Factor: Not having an articulated business process that fits another designer. Let's say you're indisposed and you need to pass off your project to another designer. Many designers make the fatal mistake of estimating it to a person as opposed to a role. Don't just say, "It'll take me twenty hours to design this logo." Think about how long would it take any designer to design that logo. Leave room, should you get too busy or need to hire a freelancer, that the project can be covered without losing your shirt on the estimate. This may sound like heresy to some solo-flight designers, but this is what keeps large agencies alive.

Factor: You've never done a specific deliverable before. If a project is outside your realm of expertise, most designers usually assume they'll eat the cost of learning how to do it. This opens up risk from the client's perspective, and also gives them a point of negotiation to have you burn up hours meeting impossible goals. Do your due diligence and consult with one or two colleagues and ask them for advice on how to bid the project. Don't just give it away if you haven't done it before, or let the client know you can be taken advantage of because you're not an expert regarding this one type of deliverable. You should always continue to control the process of the project, follow your established design methods as they apply to the deliverable, and not allow the situation to become a power play.

Designers Hate Estimating, Pt. 2 of 3

Contingency Fee

In Pt. 1 of this series, I introduced Construx's "cone of uncertainty" and how to narrow the risk in your estimates by determining what unknown variables exist in your project scope.

Let's work through what these variables usually are, and how they can be brought in line in your estimate.

Define the Problem before You Estimate

In your estimate, what you need to demonstrate most is your understanding of the problem. Your approach to how it should be solved would follow, and should always be consistent. As a quick example, let's think through the variables that exist in creating a new logo for a local business.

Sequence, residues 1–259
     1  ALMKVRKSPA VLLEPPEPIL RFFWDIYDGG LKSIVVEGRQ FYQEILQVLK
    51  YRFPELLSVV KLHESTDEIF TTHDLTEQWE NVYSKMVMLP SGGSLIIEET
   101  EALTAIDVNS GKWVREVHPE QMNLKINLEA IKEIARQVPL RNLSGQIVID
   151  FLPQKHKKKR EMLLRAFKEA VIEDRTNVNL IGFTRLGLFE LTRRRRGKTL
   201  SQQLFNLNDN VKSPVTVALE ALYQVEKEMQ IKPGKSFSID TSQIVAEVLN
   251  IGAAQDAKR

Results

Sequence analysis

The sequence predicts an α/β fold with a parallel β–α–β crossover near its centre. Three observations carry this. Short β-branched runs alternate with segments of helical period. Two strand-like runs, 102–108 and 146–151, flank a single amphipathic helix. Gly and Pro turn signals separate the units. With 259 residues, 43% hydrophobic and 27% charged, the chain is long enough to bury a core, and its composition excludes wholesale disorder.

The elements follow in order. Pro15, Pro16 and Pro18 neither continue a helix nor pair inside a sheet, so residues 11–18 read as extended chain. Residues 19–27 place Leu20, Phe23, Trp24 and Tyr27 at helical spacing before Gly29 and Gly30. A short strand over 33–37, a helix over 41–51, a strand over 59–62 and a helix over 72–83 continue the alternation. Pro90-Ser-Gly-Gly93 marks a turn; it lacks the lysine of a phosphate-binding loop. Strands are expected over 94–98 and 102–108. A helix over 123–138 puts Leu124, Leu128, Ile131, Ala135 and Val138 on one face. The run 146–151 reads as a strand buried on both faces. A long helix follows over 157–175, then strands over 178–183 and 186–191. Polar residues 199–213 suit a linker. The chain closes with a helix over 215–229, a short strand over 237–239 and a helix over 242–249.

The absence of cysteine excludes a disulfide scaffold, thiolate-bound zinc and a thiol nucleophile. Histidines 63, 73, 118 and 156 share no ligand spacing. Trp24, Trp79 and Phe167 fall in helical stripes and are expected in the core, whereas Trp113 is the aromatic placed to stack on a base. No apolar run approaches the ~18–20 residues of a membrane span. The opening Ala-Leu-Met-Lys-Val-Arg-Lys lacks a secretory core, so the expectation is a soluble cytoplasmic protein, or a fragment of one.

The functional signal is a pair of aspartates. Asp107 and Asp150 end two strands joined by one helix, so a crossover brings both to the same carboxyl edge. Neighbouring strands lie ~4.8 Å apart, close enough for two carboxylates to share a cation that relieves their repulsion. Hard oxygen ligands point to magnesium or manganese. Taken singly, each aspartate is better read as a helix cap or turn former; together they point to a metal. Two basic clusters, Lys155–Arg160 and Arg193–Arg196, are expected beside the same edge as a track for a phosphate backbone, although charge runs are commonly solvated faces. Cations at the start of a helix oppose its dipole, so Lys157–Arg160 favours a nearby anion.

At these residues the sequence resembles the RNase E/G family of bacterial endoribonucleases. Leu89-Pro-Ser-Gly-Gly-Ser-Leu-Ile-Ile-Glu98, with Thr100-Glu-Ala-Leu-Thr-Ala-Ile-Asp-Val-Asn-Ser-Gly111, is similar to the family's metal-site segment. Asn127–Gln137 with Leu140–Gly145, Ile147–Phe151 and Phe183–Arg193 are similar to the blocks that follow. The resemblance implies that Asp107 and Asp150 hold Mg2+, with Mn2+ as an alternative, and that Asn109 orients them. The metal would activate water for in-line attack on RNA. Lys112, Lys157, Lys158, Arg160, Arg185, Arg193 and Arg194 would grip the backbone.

Many years ago, I would estimate doing a logo by looking back through previous project to see how long it took for a project of a similar type, bash together an estimate based on how long they think it would take, multiply it by 1.3x to give some cushion for contingency, slot in some money for printing costs if they need to create any supporting materials as part of their bid, and send it off to the client.

Today, I focus more closely on what the client needs before I think about how I'm going to create it -- even if I've done a similar type of project for them before. And I charge my client for this extra time spent on the estimate as part of my overhead and creative fee, because they're getting more than just a cost for creating a logo.

Let me try to break it down here.

There's data from your prospective or current client, relating to specific needs out of the project (looking for brand lift, increase in perception, greater sales, etc.), as well as competitive analysis and market research.

There's qualitative information that your client provides in the way of what customers and staffers think about the old logo, which adds up to an impression of why they need a new one. These elements shape up into a business problem, which must then meet your process.

This information can usually be teased out in a single phone call, with some follow-up via email. I recommend making a set of questions you always ask in the exploratory call and keeping them by your phone in case you're surprised by an opportunity.